He later learnt that a guard before a mobile shop close by had accidentally pulled the trigger claiming that he did not know that his gun was loaded. He had just received the weapon from his colleague who was going off-duty.

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Was Jinnah Wrong?

By Zubeida Mustafa

MANY who listened to Prime Minister Imran Khan’s maiden speech on Aug 19 would not have failed to note the striking similarities in his address and the Quaid-i-Azam’s oft-quoted speech of Aug 11, 1947. That’s not really surprising, given that Khan described Jinnah as his role model, one who practised politics with a mission. Both speeches expressed deep concern at the prevalence of corruption and the absence of justice for the poor. They also spoke of the need to address the welfare of the common man.

But on one vital issue they differed: the status of religious minorities. Imran Khan touched on this in passing, in the context of the rule of law and everyone, including the minorities, being equal before it.

The Quaid, on the other hand, was more emphatic regarding the role of religious minorities and dwelt on the subject in a substantial way. He categorically declared, “You are free to go to your temples, you are free to go to your mosques or any other place of worship … You may belong to any religion … that has nothing to do with the business of the state”. He hoped that ultimately this equality would lead to “Hindus [ceasing] to be Hindus” and “Muslims [ceasing] to be Muslims, not in the religious sense, because that is the personal faith of each individual, but in the political sense as citizens of the state”.

Seventy-one years have passed since these words were uttered and we have still to reach that goal. It is unlikely that we ever will, because at one stage — under Gen Zia — we changed direction. Only if naya Pakistan had held out hope for these eight million citizens, they would have been reassured of a better future. This reminder came on Aug 11, which has been observed as the National Minorities Day since 2009. A convention held in Lahore demanded that the oft-quoted speech of the Quaid be incorporated in the Constitution. Weren’t the minorities supposed to be, in equal measure, a pillar of the political structure of Jinnah’s Pakistan?

Minorities are being gradually marginalised.

We started on the right track as was Quaid-i-Azam’s vision and mission. Chaudhri Muhammad Zafrullah Khan, an Ahmadi — a community later ostracised because of its faith — was the foreign minister. No one questioned his beliefs. Justice Cornelius, a Christian, was a highly celebrated chief justice. There were numerous other non-Muslims who held important positions in the judiciary, administration and even the armed forces. They were all trusted and have left their footprint in their respective fields.

But suddenly the tide turned.

It is strange that the attempt at ‘Islamisation’ should have brought with it discrimination. It should not have been so, as Islam exhorts us to treat non-Muslims on an equal footing.

Yet the religious minorities are gradually being marginalised. Take the present set-up. In the first cabinet named by Prime Minister Imran Khan, not a single non-Muslim has been given a slot. This may be an oversight, but it sends a negative message to the people.

Peter Jacob, executive director of the Centre for Social Justice, recalls how the minorities have suffered over the years. He tells me that since 1997, the religious minorities have been subject to over 100 attacks. These include acts of violence against 45 churches and 11 residential settlements. Then there is the suffering inflicted on them on account of often baseless blasphemy allegations.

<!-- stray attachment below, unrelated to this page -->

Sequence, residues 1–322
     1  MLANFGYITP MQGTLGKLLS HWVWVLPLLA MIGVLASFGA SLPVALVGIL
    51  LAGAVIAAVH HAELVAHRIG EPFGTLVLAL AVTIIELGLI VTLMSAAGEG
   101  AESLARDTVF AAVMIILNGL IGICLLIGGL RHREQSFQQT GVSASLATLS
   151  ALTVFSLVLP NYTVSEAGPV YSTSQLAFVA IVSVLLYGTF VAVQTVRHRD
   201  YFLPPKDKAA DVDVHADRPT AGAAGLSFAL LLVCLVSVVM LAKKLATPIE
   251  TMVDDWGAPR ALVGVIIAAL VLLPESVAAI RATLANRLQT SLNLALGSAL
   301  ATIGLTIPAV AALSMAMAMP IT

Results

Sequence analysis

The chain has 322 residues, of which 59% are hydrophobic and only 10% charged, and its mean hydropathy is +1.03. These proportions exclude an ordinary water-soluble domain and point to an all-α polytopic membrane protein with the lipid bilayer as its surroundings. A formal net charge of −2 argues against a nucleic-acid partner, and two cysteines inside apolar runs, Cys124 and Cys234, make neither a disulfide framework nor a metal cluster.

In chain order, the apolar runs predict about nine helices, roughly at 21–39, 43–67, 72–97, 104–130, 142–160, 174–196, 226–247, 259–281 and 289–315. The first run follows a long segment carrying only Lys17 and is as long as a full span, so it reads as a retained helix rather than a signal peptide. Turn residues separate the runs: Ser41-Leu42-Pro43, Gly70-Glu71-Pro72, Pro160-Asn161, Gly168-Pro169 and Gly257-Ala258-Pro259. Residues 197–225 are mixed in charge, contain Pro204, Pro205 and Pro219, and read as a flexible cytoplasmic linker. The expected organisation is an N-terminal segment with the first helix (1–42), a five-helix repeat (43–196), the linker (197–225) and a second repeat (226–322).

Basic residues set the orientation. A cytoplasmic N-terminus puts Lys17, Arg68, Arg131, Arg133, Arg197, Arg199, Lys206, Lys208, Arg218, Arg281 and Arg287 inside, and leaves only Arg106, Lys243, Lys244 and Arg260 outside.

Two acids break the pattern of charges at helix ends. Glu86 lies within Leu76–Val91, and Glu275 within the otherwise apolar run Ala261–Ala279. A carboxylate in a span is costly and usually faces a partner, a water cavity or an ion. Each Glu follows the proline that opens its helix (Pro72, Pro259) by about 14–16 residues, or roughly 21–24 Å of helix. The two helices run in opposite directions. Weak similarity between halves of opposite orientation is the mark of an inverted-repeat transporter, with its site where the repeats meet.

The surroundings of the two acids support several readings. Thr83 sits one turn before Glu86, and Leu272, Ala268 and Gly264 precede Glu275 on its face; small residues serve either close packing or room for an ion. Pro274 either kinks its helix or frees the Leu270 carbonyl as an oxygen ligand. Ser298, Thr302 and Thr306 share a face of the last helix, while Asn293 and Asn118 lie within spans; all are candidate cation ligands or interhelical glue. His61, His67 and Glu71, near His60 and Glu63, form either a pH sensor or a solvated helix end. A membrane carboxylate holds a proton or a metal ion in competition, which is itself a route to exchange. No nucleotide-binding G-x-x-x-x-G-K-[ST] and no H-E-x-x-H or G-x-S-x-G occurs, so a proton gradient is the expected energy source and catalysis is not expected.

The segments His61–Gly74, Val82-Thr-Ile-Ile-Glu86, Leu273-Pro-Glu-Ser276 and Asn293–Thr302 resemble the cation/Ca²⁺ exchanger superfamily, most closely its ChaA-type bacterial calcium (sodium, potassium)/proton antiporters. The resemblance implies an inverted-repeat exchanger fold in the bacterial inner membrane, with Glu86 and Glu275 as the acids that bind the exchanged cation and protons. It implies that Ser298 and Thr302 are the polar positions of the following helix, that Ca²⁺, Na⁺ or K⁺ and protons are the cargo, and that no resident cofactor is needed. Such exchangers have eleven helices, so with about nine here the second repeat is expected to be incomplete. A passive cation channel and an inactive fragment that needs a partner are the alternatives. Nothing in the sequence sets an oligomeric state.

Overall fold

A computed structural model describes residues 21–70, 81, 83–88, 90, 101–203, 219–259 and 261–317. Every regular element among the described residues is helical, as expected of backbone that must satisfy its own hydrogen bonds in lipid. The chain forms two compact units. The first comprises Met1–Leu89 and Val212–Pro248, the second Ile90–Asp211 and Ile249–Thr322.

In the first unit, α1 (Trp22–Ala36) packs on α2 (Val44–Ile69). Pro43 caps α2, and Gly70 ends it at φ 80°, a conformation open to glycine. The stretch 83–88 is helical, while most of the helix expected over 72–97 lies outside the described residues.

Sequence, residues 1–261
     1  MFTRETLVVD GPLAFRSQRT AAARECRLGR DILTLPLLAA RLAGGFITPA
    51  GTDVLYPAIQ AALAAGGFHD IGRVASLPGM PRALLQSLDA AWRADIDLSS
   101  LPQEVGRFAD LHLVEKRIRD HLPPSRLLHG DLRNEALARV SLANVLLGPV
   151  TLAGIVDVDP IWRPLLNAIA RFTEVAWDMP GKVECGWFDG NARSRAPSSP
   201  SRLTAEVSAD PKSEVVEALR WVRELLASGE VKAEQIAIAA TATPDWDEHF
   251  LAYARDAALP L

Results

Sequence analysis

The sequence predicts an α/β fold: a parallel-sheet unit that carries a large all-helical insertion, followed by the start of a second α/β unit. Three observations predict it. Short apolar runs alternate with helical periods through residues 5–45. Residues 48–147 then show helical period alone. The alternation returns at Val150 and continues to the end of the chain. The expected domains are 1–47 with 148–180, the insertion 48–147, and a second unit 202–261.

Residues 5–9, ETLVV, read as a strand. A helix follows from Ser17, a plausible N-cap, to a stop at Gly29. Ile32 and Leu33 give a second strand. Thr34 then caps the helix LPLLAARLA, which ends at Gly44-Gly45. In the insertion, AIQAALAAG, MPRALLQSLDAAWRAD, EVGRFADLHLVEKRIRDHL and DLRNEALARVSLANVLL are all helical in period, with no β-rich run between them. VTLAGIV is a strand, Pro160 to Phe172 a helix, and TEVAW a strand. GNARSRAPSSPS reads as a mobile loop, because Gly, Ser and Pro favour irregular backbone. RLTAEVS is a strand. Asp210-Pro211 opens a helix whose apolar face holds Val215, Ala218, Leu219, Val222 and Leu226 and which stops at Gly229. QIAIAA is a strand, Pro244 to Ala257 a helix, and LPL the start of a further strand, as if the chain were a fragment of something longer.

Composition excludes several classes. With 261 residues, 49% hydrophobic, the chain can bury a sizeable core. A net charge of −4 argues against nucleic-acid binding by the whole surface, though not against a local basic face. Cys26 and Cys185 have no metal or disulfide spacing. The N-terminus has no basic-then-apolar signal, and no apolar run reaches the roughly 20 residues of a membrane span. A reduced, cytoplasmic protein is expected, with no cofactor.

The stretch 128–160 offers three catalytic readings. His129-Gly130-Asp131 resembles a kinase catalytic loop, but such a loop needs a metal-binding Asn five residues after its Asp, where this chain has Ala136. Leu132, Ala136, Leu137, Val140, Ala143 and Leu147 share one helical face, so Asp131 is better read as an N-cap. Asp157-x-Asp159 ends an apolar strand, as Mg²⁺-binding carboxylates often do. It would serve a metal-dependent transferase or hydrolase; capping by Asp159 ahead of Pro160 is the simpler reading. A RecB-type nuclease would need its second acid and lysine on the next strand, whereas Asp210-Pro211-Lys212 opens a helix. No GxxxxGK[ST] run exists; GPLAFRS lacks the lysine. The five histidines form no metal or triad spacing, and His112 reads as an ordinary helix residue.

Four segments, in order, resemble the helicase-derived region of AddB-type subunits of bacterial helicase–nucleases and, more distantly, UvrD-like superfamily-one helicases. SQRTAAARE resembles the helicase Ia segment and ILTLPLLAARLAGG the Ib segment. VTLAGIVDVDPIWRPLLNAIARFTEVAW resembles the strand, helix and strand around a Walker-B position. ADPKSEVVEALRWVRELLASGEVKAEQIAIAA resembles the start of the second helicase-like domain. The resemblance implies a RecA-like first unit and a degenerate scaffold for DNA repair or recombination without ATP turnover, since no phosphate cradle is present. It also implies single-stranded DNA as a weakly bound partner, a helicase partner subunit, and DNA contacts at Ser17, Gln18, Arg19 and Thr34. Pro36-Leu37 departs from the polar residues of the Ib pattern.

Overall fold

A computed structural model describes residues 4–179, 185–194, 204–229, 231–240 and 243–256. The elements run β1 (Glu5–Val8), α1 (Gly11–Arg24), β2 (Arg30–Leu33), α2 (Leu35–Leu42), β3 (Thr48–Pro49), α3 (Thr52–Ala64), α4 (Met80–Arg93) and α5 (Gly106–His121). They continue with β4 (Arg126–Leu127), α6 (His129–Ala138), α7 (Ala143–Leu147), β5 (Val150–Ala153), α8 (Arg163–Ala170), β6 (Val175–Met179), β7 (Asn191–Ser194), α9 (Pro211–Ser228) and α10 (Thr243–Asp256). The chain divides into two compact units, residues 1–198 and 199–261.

Shantinagar and All Saints Church in Peshawar are names that have been carved in blood on the collective memories of all those who stand for social justice.

I wish the government would take a firm stand supporting religious diversity and condemn intolerance vis-à-vis the minorities. Many practices are so ingrained in our system that they are not even questioned. The most widely affected is the education sector which in turn makes an impact on the minorities’ prospects in professional life. Take, for instance, the practice of giving extra marks to those memorising the Quran. Non-Muslim students find themselves in a dilemma as no alternative option has been announced for them.

The state’s indifference has encouraged extremists to take matters into their own hands. A number of young Hindu and Christian girls are reportedly abducted and forced to convert to Islam. One can understand how many among the minorities live in fear and trepidation for their daughters’ security. It is shocking that at times even the courts have failed to provide redress on one ground or another.

Hence one can understand the demand by the convention held two weeks ago to rectify the numerous contradictions in the Constitution which go against the principles of equality spelt out in the chapter on fundamental rights. In this context one would strongly support the demand for a law defining grounds for prosecution and punishment for acts of religious discrimination.

No child’s play

By Zubeida Mustafa

FOUZIA is 13 and is employed by a working mother of two children. Fouzia is the victim of oppression on three counts. She performs the duties of an adult woman, which would be classified as child labour. She is not attending school as is compulsory for children from five to 16 years of age under Article 25-A of the Constitution.

Above all, she will soon be another example of early marriage as she is said to be engaged. The wedding will take place as soon as she has earned enough for her dowry. In the process, Fouzia has been robbed of her childhood and an education.

These deprivations do not bother this young girl’s family. Their sociocultural norms and, according to many, poverty have landed her in this ugly situation. According to Unesco, from 1987 to 2005, early marriage was the fate of nearly 32 per cent of all children in Pakistan. Continue reading No child’s play

Quest for schools

Neelum Colony on the fringe of DHA, Karachi

By Zubeida Mustafa

MARCH 23 was an occasion for soul-searching by civil society activists. In a meeting they demanded a new social contract to revive the spirit of the Lahore Resolution. The emphasis was on giving the underprivileged their due share in parliament and national resources. The assumption is that a share in policymaking and the country’s wealth will empower the disadvantaged, that is, the majority. Continue reading Quest for schools